Staff infected by dirty needles in drug-ridden jails have won £734,000 in payouts in last 3 years. The settlements, including legal costs, were made to as few as nine people, figures reveal.
Most of the bill — picked up by taxpayers — was for last year when £583,000 was paid out.
The cash was paid for so-called needle stick injuries and blood-borne illnesses passed on by them such as hepatitis B, hepatitis C and HIV. Many needle injuries are caused when officers search cells for illegal drugs, sources say.
Once pricked by a used needle, victims can face weeks of anxious waiting before finding out if they have been infected.
The Ministry of Justice said seven of the payouts were made to those injured by needles in 2016/17. There were five or fewer payouts — the precise figure is not given — in the following two years.
Regrettably, this is an ever-present risk. As sad as it is, this news provides a useful reminder that sharps injury risk is not a problem solely for healthcare professionals but for prison officers, police, and many workers across the entire waste management sector. Sadly, not all groups are well-represented to obtain the best working conditions and safety systems, or compensation when the worst happens.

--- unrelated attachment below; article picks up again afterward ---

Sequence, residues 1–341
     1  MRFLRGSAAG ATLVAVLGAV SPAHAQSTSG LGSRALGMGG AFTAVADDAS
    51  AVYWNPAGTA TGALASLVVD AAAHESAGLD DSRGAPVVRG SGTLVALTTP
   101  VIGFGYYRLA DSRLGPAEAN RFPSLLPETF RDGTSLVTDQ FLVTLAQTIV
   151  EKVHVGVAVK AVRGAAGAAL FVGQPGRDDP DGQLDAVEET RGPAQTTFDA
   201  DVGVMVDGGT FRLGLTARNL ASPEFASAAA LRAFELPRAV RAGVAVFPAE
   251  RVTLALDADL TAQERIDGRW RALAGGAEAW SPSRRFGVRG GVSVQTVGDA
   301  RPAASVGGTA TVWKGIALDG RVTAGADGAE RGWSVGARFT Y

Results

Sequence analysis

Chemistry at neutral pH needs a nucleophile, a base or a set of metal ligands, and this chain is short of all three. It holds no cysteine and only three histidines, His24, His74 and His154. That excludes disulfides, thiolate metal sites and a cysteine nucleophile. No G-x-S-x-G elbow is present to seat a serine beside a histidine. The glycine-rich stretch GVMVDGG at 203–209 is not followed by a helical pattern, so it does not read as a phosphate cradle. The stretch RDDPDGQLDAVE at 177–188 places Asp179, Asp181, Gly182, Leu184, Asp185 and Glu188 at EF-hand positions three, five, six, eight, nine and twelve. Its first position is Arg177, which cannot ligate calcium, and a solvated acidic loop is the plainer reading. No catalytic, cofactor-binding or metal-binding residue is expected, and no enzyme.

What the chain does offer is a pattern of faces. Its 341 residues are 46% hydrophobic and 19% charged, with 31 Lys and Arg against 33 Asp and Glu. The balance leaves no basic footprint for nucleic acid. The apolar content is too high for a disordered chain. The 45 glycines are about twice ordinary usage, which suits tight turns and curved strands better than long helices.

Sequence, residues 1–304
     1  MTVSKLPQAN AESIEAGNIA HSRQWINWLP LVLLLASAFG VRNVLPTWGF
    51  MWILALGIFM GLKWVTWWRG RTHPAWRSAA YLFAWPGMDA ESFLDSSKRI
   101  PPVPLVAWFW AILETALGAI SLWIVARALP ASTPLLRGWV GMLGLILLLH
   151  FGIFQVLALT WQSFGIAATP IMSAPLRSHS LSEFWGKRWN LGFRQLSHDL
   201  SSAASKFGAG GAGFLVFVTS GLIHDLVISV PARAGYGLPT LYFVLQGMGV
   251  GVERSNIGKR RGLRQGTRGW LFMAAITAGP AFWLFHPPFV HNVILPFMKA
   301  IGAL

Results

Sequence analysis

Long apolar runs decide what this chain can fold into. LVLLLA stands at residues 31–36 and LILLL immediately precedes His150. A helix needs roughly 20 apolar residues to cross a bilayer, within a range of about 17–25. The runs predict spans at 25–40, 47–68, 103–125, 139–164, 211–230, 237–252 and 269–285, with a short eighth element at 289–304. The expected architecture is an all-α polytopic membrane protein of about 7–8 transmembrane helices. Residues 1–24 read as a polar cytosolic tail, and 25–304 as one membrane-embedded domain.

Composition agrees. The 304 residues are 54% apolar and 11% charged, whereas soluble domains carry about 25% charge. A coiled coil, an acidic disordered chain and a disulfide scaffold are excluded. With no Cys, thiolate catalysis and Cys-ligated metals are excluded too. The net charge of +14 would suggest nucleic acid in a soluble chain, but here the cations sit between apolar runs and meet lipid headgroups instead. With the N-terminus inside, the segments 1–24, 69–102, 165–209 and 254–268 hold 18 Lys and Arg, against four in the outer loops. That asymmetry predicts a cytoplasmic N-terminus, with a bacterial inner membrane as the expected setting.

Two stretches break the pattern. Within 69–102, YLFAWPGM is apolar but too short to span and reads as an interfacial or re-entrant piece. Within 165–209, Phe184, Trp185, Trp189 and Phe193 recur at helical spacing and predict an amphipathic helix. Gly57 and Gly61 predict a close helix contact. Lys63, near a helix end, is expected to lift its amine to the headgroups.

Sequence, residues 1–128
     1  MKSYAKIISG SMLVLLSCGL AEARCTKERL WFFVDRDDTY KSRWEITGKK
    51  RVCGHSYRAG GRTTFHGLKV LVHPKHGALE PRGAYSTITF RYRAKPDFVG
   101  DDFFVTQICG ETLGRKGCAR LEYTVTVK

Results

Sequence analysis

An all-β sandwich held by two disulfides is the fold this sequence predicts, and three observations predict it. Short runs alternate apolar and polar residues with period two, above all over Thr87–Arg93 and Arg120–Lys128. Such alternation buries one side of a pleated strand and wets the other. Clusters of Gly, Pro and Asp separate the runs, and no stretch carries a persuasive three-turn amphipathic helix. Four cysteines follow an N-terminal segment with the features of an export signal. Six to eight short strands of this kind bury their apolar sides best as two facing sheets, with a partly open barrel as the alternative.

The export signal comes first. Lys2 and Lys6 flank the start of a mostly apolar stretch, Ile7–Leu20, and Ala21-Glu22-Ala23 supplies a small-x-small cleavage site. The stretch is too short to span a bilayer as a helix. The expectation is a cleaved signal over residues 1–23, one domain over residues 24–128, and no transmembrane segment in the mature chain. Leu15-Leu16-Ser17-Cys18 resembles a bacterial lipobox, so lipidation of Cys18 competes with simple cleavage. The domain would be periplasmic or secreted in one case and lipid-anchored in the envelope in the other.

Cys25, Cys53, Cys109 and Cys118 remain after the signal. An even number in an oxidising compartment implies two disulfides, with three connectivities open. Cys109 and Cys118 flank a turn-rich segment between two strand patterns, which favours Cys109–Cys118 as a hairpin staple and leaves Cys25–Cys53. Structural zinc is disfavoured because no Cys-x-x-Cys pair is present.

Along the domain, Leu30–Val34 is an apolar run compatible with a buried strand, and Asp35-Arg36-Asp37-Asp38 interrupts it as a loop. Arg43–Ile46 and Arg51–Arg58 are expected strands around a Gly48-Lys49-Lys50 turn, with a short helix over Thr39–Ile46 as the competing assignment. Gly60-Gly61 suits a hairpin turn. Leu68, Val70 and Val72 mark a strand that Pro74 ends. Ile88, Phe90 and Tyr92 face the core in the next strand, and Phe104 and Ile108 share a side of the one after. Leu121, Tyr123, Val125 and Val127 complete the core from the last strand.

And we must not forget the considerable harm caused by the casual attitude and unsafe disposal of unprotected sharps by healthcare professionals that place those in the waste management sector at great risk.